Devils and Holy Cows


Devils and Holy Cows

By Angomcha Bimol Akoijam

For the state of affairs, or the mess to be precise, in Manipur, whom do we hold responsible? Our political class and its leadership are the obvious class of people that come to our mind. Perhaps, our criticisms of this class of people are justified. Besides, pointing accusing fingers at the power that be at New Delhi are also there. Of course, there are enough instances whereby people do swear and blame our naharols, the insurgents, for the same. Incidentally, such feelings and thoughts have been echoed largely in private domain in contrast to our public criticism of our political class and New Delhi. Perhaps, legitimate as such criticisms are, one is tempted to ask: Are they the only ‘devils’ in our eyes who have created and presided over the mess that Manipur has come to be? I suspect, not.

Indeed, there are the media, civil society groups, professional organizations, intellectuals, ‘prominent citizens’, middle class, educated youths and students and various other ‘interest’ groups. Are these categories of people mere holy cows and victims in the absurd theatre that Manipur has come to be? I suspect, however some want to present them as such, these categories of people have critical contributions in the making of Manipur as we know today.

Three Realms and Beyond

Governing our collective life has been what Montesquieu had described as ‘three estates of realms’, the executive, the legislature and the judiciary. Modern institutions have the check and balance mechanisms through the separation of power amongst these three realms. When the executive fails to carry out their responsibility, the legislature seeks to make it accountable (a function called the ‘legislative oversight function’) and when either of the two fail, there is the judiciary which intervenes. Public Interests Litigation (PIL) is a reminder of the same judicial function.

Beyond these three realms, there is the ‘fourth estate’, the media, which brings out the voices and concerns of the general populations and other interests groups. In a sense, it is a realm which seeks to generate and assert the ‘public’, in form, content and intent. Besides, there are other realms, such as civil society groups which also ensure that the public good is sought after and maintained.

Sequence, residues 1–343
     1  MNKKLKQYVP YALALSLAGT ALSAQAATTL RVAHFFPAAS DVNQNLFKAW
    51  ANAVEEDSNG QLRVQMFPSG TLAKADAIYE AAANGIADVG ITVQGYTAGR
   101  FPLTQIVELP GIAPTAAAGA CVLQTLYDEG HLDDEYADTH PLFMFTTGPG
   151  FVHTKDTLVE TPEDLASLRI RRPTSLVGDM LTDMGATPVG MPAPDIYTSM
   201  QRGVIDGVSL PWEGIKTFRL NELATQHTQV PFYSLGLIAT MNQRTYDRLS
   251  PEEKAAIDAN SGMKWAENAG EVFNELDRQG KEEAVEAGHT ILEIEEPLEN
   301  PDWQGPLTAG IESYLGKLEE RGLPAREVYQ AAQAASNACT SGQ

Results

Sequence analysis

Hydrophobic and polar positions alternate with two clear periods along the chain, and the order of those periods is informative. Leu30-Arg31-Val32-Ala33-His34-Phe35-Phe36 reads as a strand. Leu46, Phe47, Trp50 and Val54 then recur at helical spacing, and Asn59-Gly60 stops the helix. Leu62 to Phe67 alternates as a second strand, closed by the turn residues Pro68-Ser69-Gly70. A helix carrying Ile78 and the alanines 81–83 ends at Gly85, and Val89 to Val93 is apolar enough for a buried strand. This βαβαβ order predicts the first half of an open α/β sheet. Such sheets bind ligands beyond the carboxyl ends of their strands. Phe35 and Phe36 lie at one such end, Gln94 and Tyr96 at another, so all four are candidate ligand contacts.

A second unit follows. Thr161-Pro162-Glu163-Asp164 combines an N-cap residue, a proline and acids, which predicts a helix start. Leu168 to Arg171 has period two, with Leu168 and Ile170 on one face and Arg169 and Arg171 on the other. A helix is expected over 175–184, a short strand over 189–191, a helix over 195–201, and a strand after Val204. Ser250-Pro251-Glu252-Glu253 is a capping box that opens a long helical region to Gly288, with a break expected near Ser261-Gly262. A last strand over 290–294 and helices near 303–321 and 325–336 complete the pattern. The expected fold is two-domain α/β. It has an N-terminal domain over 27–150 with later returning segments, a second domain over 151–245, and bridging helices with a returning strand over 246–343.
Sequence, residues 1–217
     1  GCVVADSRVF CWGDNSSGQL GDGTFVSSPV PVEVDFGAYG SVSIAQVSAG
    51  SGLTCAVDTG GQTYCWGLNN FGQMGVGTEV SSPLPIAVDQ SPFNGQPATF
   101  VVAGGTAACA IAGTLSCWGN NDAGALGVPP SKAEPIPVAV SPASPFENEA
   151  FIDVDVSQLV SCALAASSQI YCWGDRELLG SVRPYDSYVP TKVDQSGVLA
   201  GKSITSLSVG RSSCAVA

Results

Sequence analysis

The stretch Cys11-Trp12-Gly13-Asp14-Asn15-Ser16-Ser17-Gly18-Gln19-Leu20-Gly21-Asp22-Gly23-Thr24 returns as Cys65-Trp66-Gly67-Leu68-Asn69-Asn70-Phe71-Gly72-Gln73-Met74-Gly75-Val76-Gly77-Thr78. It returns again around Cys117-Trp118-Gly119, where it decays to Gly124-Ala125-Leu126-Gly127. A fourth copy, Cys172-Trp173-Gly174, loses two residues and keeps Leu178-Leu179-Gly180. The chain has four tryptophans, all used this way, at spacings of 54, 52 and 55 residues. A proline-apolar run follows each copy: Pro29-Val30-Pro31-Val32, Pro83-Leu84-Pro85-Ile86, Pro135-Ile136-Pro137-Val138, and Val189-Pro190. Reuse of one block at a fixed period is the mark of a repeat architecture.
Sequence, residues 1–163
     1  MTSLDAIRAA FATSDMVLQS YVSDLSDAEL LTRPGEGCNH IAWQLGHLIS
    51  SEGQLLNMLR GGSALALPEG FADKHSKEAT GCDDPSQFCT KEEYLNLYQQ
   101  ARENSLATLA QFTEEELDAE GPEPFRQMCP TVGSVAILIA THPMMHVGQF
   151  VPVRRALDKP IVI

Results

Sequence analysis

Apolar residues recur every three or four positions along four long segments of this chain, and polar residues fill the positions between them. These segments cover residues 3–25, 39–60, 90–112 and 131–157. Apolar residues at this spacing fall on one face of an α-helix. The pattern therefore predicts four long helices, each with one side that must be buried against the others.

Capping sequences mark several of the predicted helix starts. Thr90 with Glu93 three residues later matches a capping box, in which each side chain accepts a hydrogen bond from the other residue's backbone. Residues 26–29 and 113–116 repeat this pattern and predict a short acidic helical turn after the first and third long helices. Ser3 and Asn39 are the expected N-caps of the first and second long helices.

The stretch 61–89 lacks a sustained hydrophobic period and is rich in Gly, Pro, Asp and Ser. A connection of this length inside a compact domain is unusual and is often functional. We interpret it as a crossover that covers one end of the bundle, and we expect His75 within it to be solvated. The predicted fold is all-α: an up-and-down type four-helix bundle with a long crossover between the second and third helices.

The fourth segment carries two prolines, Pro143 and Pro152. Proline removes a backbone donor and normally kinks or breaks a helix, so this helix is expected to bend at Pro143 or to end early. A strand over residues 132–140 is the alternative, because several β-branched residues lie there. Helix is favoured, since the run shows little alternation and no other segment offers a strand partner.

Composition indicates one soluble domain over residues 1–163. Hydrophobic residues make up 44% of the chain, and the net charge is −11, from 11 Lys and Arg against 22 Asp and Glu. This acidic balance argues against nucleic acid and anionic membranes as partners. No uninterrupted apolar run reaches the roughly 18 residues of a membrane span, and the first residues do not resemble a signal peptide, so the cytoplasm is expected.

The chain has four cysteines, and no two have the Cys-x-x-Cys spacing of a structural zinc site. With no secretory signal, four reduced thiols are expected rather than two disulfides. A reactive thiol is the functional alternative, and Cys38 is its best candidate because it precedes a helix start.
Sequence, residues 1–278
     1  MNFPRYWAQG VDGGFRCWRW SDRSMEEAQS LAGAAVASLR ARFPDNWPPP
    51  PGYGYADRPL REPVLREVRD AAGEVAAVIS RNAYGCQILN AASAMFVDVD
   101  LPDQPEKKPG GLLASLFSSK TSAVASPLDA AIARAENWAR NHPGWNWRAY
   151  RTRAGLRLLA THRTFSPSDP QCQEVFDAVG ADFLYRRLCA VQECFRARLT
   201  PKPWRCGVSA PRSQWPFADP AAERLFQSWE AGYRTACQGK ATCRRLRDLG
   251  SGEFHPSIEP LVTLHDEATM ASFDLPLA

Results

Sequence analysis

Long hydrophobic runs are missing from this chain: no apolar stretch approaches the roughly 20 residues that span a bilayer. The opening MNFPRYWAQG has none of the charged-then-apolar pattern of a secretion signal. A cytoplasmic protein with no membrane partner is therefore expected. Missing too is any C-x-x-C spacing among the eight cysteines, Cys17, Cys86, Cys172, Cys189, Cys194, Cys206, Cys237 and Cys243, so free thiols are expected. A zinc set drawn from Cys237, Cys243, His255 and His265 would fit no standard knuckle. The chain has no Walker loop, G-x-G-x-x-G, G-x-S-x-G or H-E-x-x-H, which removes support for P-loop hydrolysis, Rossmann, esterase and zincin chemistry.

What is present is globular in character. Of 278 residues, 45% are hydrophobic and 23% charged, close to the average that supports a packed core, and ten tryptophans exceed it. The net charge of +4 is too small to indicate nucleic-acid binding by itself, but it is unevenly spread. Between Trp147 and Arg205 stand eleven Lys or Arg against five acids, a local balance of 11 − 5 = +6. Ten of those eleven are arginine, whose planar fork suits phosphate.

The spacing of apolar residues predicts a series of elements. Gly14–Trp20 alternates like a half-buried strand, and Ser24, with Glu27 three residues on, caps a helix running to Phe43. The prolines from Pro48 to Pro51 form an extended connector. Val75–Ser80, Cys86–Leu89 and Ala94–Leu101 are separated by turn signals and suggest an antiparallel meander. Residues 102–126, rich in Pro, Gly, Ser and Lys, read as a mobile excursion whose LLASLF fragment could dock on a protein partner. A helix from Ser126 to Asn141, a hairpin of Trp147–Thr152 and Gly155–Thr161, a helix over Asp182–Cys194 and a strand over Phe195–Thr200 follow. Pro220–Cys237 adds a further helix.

These are basics of modern collective life. Normally, explaining this all over again might invite a Sherlock Holmes’ ‘Elementary, My Dear Watson’ kind of response. But in Manipur, it seems, it is no longer elementary. For, some of the basics of a civilize life have been so distorted that any attempt to look at the stake holders, the different realms, are made with resistance, if not outright hostility against any attempt to bring out the role of these different realms, particularly those that exist beyond the three realms.

To many, in fact, as long as one criticizes the political class, the insurgents and even New Delhi for the mess we are in today, it seems perfectly okay and acceptable. But if one dares to turn the critical gaze at the other realms of our society and polity — the intellectuals, the civil society groups, the media etc, one seems to encounter defensive responses, which, amongst others, include denials and or playing perfect victims, and even vicious attacks against those who seek to make these categories of people see their role in the making of what Manipur has become today.

Incidentally, it seems that our political class seems to show an ability to accept the criticisms, by their silences or meek attempt at explaining away the criticisms by diverting the issue or deflecting the responsibility. Even the insurgent groups do express once a while that ‘people have been alienated from the movement’ etc.

But will our media, intellectuals, civil society groups, prominent citizens, middle class professionals and other interests groups would be able to spell out their role and responsibility in the making of the present mess that we are in today? Or are they capable of accepting criticism? That’s a political and ethical question.

Thinking Institutionally and Taking Responsibility